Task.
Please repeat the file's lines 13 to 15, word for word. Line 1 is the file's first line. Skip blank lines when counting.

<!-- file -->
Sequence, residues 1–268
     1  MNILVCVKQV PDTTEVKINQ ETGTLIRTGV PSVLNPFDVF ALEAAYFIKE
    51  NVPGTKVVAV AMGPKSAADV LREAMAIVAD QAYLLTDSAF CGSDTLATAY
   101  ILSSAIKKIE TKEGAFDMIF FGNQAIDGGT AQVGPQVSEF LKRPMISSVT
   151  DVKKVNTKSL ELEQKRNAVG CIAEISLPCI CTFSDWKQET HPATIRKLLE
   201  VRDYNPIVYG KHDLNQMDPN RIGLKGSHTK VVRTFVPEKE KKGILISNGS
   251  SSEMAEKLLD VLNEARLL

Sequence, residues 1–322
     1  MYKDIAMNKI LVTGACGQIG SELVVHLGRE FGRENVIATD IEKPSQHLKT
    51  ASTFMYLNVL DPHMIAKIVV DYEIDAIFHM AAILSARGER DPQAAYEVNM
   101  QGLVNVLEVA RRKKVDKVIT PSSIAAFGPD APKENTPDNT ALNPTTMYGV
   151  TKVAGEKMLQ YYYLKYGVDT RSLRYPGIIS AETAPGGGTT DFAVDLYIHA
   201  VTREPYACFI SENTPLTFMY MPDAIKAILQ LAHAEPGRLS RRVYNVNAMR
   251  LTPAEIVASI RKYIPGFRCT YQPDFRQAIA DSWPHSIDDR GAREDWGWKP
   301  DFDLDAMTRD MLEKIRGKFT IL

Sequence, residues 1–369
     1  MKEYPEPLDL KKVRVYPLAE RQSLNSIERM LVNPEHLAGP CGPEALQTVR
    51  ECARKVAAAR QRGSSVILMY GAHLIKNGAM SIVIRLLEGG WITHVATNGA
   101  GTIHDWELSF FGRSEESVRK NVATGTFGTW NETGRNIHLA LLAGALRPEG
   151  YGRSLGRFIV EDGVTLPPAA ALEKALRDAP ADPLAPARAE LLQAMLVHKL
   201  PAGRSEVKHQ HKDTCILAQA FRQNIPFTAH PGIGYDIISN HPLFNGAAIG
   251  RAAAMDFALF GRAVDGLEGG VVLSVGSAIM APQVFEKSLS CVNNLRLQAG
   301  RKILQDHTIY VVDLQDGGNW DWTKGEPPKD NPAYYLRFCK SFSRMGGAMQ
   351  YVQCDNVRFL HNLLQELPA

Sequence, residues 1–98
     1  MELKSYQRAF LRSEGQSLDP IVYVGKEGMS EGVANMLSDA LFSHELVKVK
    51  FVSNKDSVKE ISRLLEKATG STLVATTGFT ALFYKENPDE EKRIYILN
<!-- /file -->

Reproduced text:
   201  VTREPYACFI SENTPLTFMY MPDAIKAILQ LAHAEPGRLS RRVYNVNAMR
   251  LTPAEIVASI RKYIPGFRCT YQPDFRQAIA DSWPHSIDDR GAREDWGWKP
   301  DFDLDAMTRD MLEKIRGKFT IL